Large-scale corporate restructuring made necessary by a financial crisis is one of the most daunting challenges faced by economic policymakers. The government is forced to take a leading role, even if indirectly, because of the need to prioritize policy goals, address market failures, reform the legal and tax systems, and deal with the resistance of powerful interest groups. The objectives of large-scale corporate restructuring are in essence to restructure viable corporations and liquidate nonviable ones, restore the health of the financial sector, and create the conditions for long-term economic growth.
Examines the steps involved in restructuring the corporate sector. Large-scale corporate restructuring made necessary by a financial crisis is one of the most daunting challenges faced by economic policymakers. The government is forced to take a leading role, even if indirectly, because of the need to prioritize policy goals, address market failures, reform the legal and tax systems, and deal with the resistance of powerful interest groups.
A decade ago, with the breakup of the Soviet Union and the start of market-oriented reforms in many former socialist economies of Central and Eastern Europe, the prospect of privatizing inefficient state-owned companies figured prominently in both popular and academic writings. As the headline event symbolizing change from central planning to capitalism, privatization seemet to promise an end to the inefficiencies of central planning- the key to freeing the resources and talents of this huge area and lifting its living standards to those of the industrial countries. What broad lessons were learned from the experience of the past ten years? Along with their successes, prominent failures have also marked this recent history, especially in Russia and in other countries of the former Soviet Union. The overall task ahead thus remains vast if the original vision of greater freedom and higher living standards is to be realized.
Rupa Duttagupta, Mr. Cem Karacadag, and Mrs. Gilda C Fernandez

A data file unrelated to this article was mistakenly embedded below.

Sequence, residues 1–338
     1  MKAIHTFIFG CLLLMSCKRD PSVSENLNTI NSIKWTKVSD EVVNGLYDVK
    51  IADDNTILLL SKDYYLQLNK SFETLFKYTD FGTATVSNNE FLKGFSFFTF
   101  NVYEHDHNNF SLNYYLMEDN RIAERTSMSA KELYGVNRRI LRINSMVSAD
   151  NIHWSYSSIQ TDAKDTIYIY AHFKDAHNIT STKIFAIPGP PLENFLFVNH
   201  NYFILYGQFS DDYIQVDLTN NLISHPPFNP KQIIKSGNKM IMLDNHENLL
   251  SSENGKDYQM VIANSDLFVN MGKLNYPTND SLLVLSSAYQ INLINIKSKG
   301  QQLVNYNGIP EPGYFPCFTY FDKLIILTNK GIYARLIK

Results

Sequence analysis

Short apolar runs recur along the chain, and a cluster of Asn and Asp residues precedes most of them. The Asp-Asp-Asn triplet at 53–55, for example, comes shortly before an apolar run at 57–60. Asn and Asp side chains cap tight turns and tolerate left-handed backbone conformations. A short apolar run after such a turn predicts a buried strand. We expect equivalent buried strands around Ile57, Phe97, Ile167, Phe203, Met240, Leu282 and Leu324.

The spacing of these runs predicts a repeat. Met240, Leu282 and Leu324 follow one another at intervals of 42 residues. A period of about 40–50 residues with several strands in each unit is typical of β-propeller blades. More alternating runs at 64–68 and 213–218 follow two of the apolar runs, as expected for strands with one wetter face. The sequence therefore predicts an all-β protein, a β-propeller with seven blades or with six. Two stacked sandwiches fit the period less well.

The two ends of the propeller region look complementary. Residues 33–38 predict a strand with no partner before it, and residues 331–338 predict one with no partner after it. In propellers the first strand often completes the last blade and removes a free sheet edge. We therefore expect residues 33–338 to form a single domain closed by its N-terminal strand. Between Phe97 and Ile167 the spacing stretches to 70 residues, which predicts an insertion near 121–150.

A growing number of countries are adopting flexible exchange rate regimes because flexibility offers more protection against external shocks and greater monetary independence. Other countries have made the transition under disorderly conditions, with the sharp depreciation of their currency during a crisis. Regardless of the reason for adopting a flexible exchange rate, a successful transition depends on the effective management of a number of institutional and operational issues. The authors of this Economic Issue describe the necessary ingredients for moving to a flexible regime, as well as the optimal pace and sequencing under different conditions.
Guy Debelle, Mr. Miguel A Savastano, Mr. Paul R Masson, and Mr. Sunil Sharma
Inflation distorts prices, erodes savings, discourages investment, stimulates capital flight, inhibits growth, and makes economic planning a nightmare. During the past decade, several advanced economies have taken a new approach to the age-old problem of controlling inflation through monetary policy known as "inflation targeting." This pamphlet explains the requirements of putting the new policy in place, the experience of the countries that have tried it, and whether it has applicability to developing countries.
Ms. Eva H. G. Hüpkes, Mr. Michael W Taylor, and Mr. Marc G Quintyn
Policymakers are often reluctant to grant independence to the agencies that regulate and supervise the financial sector because of the fear that these agencies, with their wide-ranging responsibilities and powers, could become a law unto themselves. This pamphlet describes mechanisms for making regulatory agencies accountable not only to the government but also to the industry they supervise and the public at large, with examples from a range of countries.